Amidst tension on border, CAG exposes Indian Army's ammunition shortage

The CAG, has come out with startling revelation that no significant improvement in the availability of ammunition in the last four years.

Published: 22nd July 2017 02:43 AM  |   Last Updated: 26th July 2017 07:57 AM   |  A+A-

An Indian Army soldier carries used ammunition. (File | AP)

Express News Service

NEW DELHI:  As the Indian army is engaged in month long standoff with Chinese army on the Sikkim border and heightened tension with Pakistan, the country’s premier auditors has highlighted plight of ammunition in the army, as 80 per cent of its stock is way below the authorized level to keep forces ready for a war.

Last week only, Prime Minister Narendra Modi led government has allowed Indian Army to make ‘emergency procurements’ without going to red-tapism  to be prepared for a ‘short intense war’

In the report tabled in the parliament, the CAG, has come out with startling revelation that no significant improvement in the availability of ammunition in the last four years, despite recommendations.

“Out of a total of 152 types of ammunition, the stock of 121 types of ammunition (80%) was below the authorization level of days.  And availability of 55 per cent types of ammunition was below the minimum inescapable requirement to be maintained for operational preparedness and 40 per cent types of ammunitions were critical level having stock of less than 10 days,” CAG observed.

In fact, CAG also pointed out the availability of high calibre ammunitions relating to tanks and artillery are in more alarming state. ‘Moreover, in the absence of fuze, 83 per cent of these high calibre ammunitions presently held with army were not in a state to be used in operation,” CAG further stated. 

The CAG report tabled on Friday is a performance report of its own report of 2015, on “Ammunition Management in Army” and the federal auditor analysed the availability of WWR ammunition in Army during the period from 2013-14 to 2016-17 (September 2016).

Summarising the findings, CAG said in the report: “Thus, despite lapse of more than three years (from March 2013) no significant improvement in availability of WWR ammunition was noticed in audit. Further, the stock levels of majority of high calibre ammunition relating to AFV and Artillery, meant for sustaining superior fire power, remained under critical level.”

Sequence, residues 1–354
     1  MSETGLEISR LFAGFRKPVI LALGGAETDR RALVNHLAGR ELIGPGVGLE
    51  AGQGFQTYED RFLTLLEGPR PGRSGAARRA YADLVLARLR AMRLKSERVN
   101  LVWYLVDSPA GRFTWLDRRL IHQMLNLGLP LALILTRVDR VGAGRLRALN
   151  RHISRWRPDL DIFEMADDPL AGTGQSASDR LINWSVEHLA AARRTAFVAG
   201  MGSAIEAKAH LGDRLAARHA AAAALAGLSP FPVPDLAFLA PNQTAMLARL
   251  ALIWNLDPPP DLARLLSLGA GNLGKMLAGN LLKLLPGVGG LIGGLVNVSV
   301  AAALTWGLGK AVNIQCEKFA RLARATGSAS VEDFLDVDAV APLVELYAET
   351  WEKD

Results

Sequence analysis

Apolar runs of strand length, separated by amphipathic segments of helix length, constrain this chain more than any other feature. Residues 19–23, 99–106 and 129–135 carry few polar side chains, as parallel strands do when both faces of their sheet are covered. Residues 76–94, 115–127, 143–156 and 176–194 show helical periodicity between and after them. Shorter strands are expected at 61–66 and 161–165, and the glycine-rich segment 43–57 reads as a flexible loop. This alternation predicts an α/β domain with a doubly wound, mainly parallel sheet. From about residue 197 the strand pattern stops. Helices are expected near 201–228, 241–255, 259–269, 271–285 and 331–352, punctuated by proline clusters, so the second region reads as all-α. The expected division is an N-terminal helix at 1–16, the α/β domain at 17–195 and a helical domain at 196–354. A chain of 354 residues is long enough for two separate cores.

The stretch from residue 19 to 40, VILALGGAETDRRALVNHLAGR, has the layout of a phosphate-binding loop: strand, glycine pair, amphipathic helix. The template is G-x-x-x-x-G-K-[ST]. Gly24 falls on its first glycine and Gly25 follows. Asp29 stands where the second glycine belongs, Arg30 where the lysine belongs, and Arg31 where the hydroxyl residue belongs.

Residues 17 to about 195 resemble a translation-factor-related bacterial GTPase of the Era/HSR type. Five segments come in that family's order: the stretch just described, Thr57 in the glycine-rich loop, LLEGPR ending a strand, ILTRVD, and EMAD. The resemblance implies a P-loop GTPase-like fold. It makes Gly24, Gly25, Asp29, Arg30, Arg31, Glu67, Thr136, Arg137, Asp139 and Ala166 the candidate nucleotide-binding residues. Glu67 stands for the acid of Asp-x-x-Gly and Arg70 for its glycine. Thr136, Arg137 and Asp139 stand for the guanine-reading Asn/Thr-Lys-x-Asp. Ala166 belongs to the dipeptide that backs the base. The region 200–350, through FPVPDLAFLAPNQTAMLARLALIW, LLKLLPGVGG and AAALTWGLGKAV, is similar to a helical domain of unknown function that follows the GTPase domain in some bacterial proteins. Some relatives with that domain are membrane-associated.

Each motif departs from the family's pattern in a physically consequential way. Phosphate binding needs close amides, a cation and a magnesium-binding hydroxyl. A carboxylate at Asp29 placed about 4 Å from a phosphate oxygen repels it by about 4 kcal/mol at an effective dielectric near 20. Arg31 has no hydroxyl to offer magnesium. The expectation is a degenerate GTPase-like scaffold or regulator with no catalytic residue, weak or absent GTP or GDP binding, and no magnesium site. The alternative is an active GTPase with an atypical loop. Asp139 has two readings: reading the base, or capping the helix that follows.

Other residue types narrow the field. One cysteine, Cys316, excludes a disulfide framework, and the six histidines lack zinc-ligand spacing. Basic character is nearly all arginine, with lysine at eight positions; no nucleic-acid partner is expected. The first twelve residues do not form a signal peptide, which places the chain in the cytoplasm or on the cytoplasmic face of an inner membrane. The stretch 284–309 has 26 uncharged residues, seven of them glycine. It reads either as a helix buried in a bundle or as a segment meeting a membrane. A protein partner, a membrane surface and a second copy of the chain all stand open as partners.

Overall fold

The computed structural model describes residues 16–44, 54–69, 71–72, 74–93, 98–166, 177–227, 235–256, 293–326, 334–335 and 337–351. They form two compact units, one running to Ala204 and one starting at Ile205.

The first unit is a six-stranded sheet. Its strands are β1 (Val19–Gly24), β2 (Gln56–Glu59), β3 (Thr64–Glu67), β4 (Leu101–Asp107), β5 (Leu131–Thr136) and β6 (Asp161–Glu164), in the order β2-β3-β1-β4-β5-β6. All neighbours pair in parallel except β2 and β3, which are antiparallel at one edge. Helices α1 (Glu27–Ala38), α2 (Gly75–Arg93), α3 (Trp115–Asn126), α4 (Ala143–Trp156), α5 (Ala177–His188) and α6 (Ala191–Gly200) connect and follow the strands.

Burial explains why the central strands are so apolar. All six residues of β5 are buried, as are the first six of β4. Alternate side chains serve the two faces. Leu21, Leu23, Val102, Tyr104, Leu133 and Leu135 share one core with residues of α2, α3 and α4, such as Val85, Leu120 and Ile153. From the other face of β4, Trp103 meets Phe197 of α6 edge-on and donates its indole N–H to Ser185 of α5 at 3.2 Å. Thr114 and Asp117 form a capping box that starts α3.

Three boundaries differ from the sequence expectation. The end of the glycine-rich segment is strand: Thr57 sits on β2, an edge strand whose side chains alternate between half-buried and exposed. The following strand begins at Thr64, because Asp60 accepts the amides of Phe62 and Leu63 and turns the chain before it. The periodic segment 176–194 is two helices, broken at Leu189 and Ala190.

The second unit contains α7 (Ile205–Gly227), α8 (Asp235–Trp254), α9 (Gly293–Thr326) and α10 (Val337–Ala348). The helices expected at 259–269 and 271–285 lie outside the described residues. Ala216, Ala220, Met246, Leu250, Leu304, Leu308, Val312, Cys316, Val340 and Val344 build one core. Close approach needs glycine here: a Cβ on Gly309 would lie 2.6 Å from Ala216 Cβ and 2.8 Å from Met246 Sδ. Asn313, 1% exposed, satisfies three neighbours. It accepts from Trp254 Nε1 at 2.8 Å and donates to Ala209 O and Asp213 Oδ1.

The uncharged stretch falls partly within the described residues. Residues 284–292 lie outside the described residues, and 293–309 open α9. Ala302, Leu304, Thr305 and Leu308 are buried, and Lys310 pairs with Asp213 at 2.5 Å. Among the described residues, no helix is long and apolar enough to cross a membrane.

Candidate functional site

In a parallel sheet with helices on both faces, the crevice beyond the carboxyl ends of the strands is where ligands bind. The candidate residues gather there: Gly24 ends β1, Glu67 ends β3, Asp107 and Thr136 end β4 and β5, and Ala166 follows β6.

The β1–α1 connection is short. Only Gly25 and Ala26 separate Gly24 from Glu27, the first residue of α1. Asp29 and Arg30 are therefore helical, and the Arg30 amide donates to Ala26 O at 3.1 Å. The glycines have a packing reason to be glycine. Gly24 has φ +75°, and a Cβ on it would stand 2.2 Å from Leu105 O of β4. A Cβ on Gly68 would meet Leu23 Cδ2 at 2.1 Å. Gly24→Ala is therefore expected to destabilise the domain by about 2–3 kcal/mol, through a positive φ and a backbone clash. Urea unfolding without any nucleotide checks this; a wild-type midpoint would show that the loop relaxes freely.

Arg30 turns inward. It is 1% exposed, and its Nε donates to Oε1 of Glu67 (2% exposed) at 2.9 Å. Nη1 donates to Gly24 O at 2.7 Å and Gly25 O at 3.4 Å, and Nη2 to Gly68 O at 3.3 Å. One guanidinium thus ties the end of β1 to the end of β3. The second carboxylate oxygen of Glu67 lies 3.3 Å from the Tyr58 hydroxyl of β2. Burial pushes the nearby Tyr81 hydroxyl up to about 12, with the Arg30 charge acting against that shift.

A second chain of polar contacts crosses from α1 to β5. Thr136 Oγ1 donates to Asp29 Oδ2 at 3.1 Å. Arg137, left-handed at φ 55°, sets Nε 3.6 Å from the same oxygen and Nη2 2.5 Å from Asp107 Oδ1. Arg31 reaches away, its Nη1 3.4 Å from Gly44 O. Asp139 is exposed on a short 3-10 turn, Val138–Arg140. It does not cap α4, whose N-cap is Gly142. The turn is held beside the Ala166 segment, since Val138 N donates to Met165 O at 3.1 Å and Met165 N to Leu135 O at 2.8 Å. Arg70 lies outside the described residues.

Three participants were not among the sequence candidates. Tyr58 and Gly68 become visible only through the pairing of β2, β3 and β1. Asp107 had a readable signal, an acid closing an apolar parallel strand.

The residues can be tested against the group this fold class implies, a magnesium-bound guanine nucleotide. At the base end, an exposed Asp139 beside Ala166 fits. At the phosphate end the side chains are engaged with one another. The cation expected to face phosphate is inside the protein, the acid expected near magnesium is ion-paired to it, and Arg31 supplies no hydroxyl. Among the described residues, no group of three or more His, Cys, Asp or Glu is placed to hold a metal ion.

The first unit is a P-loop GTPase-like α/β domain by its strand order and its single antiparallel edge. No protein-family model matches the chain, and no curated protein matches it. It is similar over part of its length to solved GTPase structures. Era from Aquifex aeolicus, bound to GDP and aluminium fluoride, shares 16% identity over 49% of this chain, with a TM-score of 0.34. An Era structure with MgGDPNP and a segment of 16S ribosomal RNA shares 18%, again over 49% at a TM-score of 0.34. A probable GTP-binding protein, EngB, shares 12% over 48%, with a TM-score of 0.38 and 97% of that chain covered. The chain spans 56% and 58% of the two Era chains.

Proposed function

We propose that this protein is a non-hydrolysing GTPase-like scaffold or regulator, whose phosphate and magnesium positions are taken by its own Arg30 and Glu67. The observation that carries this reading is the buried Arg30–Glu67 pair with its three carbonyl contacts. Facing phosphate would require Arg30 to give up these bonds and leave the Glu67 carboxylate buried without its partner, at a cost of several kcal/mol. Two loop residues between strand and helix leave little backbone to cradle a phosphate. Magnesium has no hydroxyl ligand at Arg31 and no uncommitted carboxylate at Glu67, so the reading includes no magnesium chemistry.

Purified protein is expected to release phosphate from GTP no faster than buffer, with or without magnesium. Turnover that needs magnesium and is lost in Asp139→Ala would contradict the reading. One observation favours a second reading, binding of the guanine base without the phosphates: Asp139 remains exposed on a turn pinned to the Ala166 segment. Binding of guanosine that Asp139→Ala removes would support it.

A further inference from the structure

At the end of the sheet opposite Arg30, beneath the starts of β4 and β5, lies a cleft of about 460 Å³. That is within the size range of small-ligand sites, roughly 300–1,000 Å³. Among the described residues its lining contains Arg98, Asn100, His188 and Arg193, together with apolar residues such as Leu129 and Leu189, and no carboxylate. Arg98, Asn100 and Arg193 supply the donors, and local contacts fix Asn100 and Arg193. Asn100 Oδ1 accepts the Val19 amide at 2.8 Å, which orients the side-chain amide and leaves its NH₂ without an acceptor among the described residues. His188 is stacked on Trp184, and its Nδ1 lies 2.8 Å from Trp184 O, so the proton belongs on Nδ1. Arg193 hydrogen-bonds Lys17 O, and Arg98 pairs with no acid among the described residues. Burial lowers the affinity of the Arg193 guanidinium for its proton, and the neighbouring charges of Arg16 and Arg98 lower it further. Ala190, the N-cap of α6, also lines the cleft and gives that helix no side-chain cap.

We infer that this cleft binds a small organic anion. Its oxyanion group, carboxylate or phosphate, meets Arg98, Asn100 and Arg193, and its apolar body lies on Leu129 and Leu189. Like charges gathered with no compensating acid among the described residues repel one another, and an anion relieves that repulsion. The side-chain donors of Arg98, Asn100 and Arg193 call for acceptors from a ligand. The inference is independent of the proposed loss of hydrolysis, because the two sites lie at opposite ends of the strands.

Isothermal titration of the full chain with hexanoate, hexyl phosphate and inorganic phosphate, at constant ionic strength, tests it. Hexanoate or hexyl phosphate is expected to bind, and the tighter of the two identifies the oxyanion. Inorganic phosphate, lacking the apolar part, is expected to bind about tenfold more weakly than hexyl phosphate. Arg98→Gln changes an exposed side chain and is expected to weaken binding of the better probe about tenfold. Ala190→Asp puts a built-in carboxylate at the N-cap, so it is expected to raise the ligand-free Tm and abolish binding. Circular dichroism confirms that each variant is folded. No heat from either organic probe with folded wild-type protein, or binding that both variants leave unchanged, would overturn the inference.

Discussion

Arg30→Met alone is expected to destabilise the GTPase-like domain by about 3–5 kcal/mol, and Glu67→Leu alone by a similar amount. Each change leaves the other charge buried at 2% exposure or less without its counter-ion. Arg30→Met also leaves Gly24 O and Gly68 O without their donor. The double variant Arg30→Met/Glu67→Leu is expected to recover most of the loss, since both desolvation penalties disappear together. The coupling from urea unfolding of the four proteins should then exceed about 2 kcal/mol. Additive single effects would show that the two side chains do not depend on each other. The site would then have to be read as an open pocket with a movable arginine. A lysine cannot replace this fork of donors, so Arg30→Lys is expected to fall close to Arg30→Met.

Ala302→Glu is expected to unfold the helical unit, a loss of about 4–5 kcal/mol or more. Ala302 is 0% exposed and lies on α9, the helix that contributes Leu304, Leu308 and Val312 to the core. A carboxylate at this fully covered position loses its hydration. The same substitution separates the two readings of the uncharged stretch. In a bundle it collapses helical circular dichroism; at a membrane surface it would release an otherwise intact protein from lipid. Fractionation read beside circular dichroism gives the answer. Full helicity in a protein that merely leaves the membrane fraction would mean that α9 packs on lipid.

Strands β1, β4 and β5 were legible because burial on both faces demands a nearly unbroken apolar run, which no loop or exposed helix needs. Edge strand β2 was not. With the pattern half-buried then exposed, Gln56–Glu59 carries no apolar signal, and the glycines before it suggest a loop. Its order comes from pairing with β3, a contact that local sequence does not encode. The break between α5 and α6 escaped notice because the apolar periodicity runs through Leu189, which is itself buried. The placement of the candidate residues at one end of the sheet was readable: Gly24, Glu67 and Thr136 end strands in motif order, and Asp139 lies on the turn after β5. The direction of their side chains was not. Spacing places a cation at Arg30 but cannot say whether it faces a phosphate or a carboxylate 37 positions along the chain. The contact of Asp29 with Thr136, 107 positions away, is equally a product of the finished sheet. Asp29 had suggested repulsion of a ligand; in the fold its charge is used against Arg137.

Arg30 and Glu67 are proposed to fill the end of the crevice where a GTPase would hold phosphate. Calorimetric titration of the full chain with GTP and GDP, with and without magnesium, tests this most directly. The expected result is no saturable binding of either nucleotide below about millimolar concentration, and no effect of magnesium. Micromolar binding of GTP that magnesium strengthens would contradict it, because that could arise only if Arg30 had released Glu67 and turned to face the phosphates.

On the efforts to procure ammunition, CAG noted that there was no significant improvement took place in the critical deficiency in availability of ammunition and quality of ammunition supplied by the Ordnance Factory Board (OFB) since March 2013.

War Wastage Reserve (WWR) is the reserve to meet the requirements for the expected duration of operations. The Ministry approved authorization of WWR as 40 days of intense period or 40(I). Further in 1999, Army introduced 'Minimum Acceptable Risk Level (MARL)', a bottom line requirement of 20(I) days considered as minimum requirement of the ammunition to be maintained at all times to meet operational preparedness.

PM Modi last week has approved financial powers to vice chief of army to made emergency procurement to fill gaps in its ‘ critical requirements’, that were exposed after an internal audit carried out by the army after September last year's Uri attack.

Notification was issued by the government last week that empowered Vice Chief of the Army to make procurements of military hardware upto Rs. 40,000 crore to meet the critical deficiencies. Army has identified critical deficiencies in 46 types of ammunition and certain spares for 10 types of weapon platforms.

The CAG report also flagged important issue of quality of ammunition provided by the Ordnance Factory Board (OFB). ‘ Though OFB remained the main source of supply of ammunition to army, it could not meet the targets accepted by it.’

Similar concerns were raised by the then army chief General VK Singh, as Indian army does have to enough ammunition to sustain a war for over 10 days.

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